If it is unknown who the biological father of your child is, a
paternity suit may be filed in order to make a legal determination of parentage.
The reason that this type of family lawsuit may be filed is to not only
create a legal relationship between parent and child but to also create
orders related to
child support, visitation and
conservatorship over the child.
The persons that are able to file a paternity lawsuit in Texas include:
- The child him or herself
- The mother of the child
- The potential father whose paternity is to be determined in the lawsuit
- If the mother is deceased a relative within the second degree of consanguinity
- A government agency
- A child placement or adoption agency
- A representative for any deceased party that would ordinarily be able to
file a paternity suit
- An intended parent of the child
Who can be a presumed father?
A man who is recognized to be the father of a child is a
presumed father in the context of a paternity suit in Texas. Their status as a presumed
father can either be confirmed by a paternity suit or rebutted depending
on the results of the lawsuit.
For instance, if you are a man who is married to the mother of the child
at the time of the child’s birth or if you are married to the mother
of the child and the child was born before the 301st day after the date the marriage ended due to divorce then you are the
presumed father of the child.
Another method to become the presumed father of a child is if you married
the mother after the child was born and you voluntarily acknowledged paternity
of the child. The following circumstances must also be in place:
- You must file an assertion of parentage with the State Vital Statistics Office
- You were voluntarily put on the child’s birth certificate as the
child’s father, or
- You promised in writing to support the child as your own son or daughter
There is also a way that you can become the presumed father of a child
by default. If during the first two years of the child’s life you
reside with the child continually and represent to other people that you
are the father of the child then you can become a presumed father. This
is somewhat akin to becoming a “common-law” father.
How you are determined to be an acknowledged father?
If you claim to be the father of a child and have signed an
acknowledgment of paternity along with the mother of the child you are now an acknowledged father
in the eyes of the law. This form is filed with the Bureau of Vital Statistics
and is a sworn affirmation that you are the biological father of the child.
Instead of having to go through a paternity lawsuit, this document adjudicates
you as the father without going through a formal legal process to have
a judge make a decision as to who the father of the child is.
How soon can a paternity suit be filed in Texas?
Any time before the birth of the child a paternity suit may be filed in
Texas. However, if there is no acknowledged or adjudicated father in the
picture then the paternity suit may be filed at any point in time. On
the other hand, if the child has a presumed father then the lawsuit must
be filed prior to the child’s fourth birthday. An exception to this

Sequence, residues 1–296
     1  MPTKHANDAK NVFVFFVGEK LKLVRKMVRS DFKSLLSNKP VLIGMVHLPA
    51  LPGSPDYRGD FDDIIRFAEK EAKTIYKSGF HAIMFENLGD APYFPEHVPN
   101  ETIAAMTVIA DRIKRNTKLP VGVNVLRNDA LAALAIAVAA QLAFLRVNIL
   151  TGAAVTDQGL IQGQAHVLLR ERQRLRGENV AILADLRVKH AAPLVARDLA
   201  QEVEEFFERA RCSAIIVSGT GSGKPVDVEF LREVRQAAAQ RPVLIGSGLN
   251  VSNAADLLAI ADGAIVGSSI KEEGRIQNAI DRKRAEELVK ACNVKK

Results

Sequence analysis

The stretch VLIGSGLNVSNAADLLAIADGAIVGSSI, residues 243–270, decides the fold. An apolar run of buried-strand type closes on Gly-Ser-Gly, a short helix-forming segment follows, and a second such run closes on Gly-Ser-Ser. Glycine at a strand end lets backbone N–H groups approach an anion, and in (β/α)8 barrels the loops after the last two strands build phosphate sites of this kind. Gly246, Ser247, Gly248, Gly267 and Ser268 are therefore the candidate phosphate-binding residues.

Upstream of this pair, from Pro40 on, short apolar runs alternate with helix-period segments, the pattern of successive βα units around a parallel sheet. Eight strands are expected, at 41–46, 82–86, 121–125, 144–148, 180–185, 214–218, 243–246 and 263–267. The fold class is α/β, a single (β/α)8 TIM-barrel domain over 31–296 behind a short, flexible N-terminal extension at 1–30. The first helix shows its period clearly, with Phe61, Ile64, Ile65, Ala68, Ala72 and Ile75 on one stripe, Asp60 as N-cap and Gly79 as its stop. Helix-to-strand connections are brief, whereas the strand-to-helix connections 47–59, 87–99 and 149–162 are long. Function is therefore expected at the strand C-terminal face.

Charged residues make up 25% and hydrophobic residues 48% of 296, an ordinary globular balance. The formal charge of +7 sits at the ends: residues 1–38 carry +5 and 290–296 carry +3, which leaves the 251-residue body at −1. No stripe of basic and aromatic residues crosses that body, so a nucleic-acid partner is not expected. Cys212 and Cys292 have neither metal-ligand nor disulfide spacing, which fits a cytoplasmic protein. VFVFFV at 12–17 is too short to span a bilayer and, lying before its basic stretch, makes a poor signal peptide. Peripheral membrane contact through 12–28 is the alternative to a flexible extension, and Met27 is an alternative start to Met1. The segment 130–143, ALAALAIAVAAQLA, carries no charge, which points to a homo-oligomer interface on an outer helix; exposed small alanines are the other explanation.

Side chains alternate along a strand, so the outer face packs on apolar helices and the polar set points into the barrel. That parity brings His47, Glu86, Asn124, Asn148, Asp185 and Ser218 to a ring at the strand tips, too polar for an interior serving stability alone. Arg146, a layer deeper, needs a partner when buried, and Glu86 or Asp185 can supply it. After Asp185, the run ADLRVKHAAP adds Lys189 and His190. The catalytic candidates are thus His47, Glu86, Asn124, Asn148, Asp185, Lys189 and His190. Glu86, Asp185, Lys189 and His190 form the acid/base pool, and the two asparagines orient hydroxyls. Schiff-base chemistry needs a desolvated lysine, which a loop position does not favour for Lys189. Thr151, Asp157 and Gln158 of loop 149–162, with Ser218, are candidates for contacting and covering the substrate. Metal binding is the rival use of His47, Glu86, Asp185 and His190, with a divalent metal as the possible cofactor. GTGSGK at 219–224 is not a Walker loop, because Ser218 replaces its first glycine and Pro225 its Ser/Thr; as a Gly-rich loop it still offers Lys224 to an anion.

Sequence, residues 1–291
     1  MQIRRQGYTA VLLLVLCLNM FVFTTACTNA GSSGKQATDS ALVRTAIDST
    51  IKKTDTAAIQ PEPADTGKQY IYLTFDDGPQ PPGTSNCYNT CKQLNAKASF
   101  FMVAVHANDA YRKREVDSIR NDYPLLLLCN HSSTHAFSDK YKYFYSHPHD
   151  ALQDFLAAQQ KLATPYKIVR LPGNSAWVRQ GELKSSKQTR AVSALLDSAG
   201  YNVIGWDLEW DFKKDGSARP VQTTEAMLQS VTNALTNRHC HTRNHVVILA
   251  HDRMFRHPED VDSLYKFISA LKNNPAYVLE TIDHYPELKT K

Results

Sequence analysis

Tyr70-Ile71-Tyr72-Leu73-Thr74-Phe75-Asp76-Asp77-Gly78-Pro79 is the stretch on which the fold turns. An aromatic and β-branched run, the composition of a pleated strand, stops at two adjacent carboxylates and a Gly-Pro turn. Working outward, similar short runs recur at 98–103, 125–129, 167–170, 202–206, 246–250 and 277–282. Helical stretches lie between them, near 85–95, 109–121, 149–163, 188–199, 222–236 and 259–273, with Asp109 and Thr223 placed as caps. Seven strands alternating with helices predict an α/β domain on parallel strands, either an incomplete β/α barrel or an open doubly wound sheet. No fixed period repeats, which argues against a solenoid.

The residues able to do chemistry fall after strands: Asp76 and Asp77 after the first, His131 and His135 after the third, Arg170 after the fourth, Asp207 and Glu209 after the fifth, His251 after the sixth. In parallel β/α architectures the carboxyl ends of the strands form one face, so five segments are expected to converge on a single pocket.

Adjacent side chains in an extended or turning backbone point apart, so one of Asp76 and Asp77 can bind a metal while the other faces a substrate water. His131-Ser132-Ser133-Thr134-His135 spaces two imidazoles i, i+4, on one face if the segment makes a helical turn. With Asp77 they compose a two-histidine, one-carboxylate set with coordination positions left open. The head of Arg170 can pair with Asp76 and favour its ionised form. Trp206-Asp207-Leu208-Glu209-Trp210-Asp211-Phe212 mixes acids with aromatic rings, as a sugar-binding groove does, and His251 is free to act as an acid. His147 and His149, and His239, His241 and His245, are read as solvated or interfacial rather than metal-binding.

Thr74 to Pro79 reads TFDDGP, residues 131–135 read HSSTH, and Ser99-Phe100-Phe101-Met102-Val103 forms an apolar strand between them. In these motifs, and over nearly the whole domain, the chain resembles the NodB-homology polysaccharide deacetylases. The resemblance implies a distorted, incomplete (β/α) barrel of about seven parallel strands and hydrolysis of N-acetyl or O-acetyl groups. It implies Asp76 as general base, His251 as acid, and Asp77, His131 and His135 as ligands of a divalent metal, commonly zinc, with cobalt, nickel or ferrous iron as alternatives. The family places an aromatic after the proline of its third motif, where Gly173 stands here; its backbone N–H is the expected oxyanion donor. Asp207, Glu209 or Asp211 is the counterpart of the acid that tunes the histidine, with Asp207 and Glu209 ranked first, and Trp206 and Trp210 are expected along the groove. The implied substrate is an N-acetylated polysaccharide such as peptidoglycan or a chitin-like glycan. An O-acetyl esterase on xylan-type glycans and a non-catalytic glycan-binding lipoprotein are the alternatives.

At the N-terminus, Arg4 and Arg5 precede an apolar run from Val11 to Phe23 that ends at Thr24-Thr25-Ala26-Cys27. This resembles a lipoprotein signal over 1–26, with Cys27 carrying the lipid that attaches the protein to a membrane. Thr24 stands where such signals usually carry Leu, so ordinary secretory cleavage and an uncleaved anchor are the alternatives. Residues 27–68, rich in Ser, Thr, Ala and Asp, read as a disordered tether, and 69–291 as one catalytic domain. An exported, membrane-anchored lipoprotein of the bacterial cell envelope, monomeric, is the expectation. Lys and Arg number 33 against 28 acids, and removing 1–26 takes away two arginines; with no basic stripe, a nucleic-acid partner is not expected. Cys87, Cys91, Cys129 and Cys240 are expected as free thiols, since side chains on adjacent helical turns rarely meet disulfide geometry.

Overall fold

four year requirement comes into play if the court determines that the
presumed father and mother did not reside together or have sexual relations
with one another during the likely time period in which the child was
conceived. Likewise, if you as the presumed father mistakenly believed
that the child was not yours due to misrepresentations made by either
the mother or another person then the four year lime limit does not apply either.
You’ve filed a paternity suit- what happens next?
A genetic test will be ordered by the judge in your case. The costs for
the testing will likely be split evenly between you and the other party.
If your lawsuit was filed prior to the birth of the child the judge will
wait until the child is born to order genetic testing of the baby.
The samples will be sent to a lab to have a report written for the judge
to review. Right away the case will be dismissed in the event that the
man who was tested is determined not to be the father of the child. In
the event that the testing shows the man to be the father with 99% or
greater probability the judge will rule that he is indeed the newly adjudicated
father of the child.
Once there is an
adjudicated father in place the court is able to determine visitation, support and custody
of the child in relation to mother and father. Of course, if at that point
the mother and father can come to an agreement on these issues the court
will defer to the decisions made by the parties. So long as the
best interests of the child are protected by any settlement agreement then the court
will approve an order based on either a mediated settlement agreement
or an informal settlement agreement.
Questions on paternity suits in Texas? Contact the Law Office of Bryan
If you believe that a paternity suit will be necessary for you and your
child please do not hesitate to
Law Office of Bryan Fagan. Likewise, if you believe yourself to be the father of a child it is critical
to speak to an attorney to learn more about your rights. A consultation
with one of our licensed
family law attorneys is free of charge and is available six days a week. We represent
clients across southeast Texas and would be honored to do the same for
you and your family.